The International Olympic Committee was set to decide on Tuesday whether to ban Russia from the Winter Games over evidence of state-orchestrated doping, in one of the most important decisions in the Olympic movement’s history.
Just 65 days ahead of the Games in Pyeongchang, South Korea, IOC president Thomas Bach and his executive board were weighing various options on Russia’s possible participation.
They include a blanket ban on all Russian competitors, a move that would trigger outrage from President Vladimir Putin’s government.
But the IOC could choose a more moderate path, where select Russians who have maintained a clean record after rigorous testing would be allowed to compete, likely under a neutral flag.
The decision, expected later on Tuesday, will come just days after the draw for the 2018 football World Cup that will be hosted by Russia and which Moscow hopes will elevates the nation’s status as a sporting superpower.
Any Russians that may ultimately be cleared to compete in Pyeongchang will have been subjected to unprecedented drug testing, the IOC’s medical and scientific director, Richard Budgett, told reporters in Lausanne.
Speaking about the IOC’s newly enhanced pre-Games testing programme, Budgett said: “Russian athletes have been tested more than any other country by a considerable margin”.
He added that IOC will likely have conducted 20,000 separate doping tests on potential 2018 competitors before the Games open, part of an effort to turn the page on an era plagued by damaging doping scandals.
– Final arguments –
The IOC has already received significant evidence that Russian athletes benefitted from a massive state-backed doping programme that involved secret agents and peaked during the 2014 Games in Sotchi.
Many of the key findings were revealed in an explosive report by the World Anti-Doping Agency (WADA), authored by Canadian lawyer Richard McLaren.
The IOC has set up two separate committees to further investigate McLaren’s findings.
One led by IOC member Denis Oswald is probing evidence against individual athletes and has already led to a raft of sanctions.
In total Russia has been stripped of 11 of its 33 medals for cheating in Sotchi, meaning it has lost its position at the top of the medals table to Norway.
A second committee led by former Swiss president Samuel Schmid is looking at the extent to which Russia’s cheating was state-supported.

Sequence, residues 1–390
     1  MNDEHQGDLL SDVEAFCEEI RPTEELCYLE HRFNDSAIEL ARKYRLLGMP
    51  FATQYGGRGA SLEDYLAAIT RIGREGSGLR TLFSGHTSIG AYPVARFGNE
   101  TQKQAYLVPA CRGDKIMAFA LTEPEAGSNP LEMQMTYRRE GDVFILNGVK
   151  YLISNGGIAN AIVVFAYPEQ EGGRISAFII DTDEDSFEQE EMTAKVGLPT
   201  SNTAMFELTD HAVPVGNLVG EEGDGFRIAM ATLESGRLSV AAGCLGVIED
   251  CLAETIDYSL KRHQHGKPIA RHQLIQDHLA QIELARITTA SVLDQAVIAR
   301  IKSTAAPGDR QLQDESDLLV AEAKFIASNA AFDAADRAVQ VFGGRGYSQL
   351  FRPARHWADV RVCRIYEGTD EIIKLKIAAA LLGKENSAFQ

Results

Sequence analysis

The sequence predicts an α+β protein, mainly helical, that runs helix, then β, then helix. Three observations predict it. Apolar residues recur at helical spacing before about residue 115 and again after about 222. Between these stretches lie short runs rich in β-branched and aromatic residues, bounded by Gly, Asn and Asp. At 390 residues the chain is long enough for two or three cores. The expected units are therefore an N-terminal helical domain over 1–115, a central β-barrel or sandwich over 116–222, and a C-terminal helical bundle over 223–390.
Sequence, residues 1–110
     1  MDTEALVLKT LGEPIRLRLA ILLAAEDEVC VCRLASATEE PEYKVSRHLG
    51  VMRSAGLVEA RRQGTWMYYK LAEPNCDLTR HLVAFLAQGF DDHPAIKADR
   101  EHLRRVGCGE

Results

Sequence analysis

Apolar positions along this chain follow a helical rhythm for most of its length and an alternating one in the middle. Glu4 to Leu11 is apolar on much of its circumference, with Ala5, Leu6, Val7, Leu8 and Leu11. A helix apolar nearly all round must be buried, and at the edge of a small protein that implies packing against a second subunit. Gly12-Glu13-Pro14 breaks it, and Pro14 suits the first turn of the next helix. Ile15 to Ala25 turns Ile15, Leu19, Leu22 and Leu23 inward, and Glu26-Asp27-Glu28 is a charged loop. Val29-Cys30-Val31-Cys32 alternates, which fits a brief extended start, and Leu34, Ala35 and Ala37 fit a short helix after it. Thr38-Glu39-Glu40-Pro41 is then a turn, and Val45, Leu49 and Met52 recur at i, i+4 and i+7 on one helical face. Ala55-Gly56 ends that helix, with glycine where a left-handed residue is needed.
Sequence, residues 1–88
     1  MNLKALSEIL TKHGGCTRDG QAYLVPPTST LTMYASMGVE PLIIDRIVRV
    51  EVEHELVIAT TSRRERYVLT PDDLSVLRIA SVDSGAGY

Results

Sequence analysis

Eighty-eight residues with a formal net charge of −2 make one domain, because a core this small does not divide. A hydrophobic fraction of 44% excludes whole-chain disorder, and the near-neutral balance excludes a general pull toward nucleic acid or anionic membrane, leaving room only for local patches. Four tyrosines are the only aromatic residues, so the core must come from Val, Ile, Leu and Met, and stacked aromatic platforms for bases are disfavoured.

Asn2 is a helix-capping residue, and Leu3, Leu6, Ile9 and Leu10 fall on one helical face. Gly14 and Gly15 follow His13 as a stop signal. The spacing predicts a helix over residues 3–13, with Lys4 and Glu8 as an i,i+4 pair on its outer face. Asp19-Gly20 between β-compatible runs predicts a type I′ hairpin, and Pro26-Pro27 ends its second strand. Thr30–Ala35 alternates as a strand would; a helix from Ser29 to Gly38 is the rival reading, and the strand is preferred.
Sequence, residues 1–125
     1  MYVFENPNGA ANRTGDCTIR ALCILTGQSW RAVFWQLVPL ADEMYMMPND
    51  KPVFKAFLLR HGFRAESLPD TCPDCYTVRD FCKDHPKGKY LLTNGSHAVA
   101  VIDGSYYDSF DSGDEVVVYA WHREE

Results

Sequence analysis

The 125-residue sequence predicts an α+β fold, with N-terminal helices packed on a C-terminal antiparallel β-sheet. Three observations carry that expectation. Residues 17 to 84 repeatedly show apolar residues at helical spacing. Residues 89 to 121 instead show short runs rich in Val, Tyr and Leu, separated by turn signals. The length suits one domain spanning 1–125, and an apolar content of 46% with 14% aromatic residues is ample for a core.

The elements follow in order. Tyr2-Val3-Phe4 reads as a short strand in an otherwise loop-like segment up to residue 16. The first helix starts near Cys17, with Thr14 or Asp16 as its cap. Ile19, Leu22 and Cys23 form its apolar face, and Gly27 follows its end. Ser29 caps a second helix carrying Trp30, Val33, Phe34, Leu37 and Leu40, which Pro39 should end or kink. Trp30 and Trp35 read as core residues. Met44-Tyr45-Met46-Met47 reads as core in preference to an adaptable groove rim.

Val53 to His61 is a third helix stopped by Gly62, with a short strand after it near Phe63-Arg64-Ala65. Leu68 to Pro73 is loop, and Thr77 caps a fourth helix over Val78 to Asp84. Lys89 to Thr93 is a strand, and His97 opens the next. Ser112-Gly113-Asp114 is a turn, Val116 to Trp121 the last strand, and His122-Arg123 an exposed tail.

Both Oswald and Schmid will brief IOC brass ahead of the final decision on 2018.
Russia will also mount a final defence, with national Olympic committee boss Alexander Zhukov and two-time world figure skating champion Evgenia Medvedeva making the final case.
But that defence may be undermined by damaging developments in the run-up to the IOC summit.
Last month, athletics’ ruling body the International Association of Athletics Federations maintained its two-year suspension of Russia imposed over doping claims.
That followed WADA’s November 16 announcement that Russia was still not compliant with international rules on drug testing.
– ‘Axis of evil’ –
Deputy Prime Minister Vitaly Mutko said the doping allegations were an attempt “to create an image of an axis of evil” against his country.
In October, Putin accused the United States of putting indirect pressure on the IOC to block Russia from the Games in South Korea.
He warned if the IOC banned Russia, it would cause “serious harm to the Olympic movement”.
“There are two options,” Putin said. “Either forcing Russia to compete under a neutral flag or not letting it go to the Olympics at all.”
“Either one is humiliation for the country,” he insisted.
Russia has traditionally been a Winter Games powerhouse, regularly medalling in hockey, figure skating and cross-country skiing, among other sports.
While its situation appears bleak, Russia may take comfort from the fact that the IOC has historically shied away from blanket bans on a single country.
In 2016, it ignored WADA’s calls to ban Russia from Rio, instead leaving the decision to individual sports bodies.
Only apartheid-era South Africa has been hit with an outright ban, that was in place from 1964 and 1988.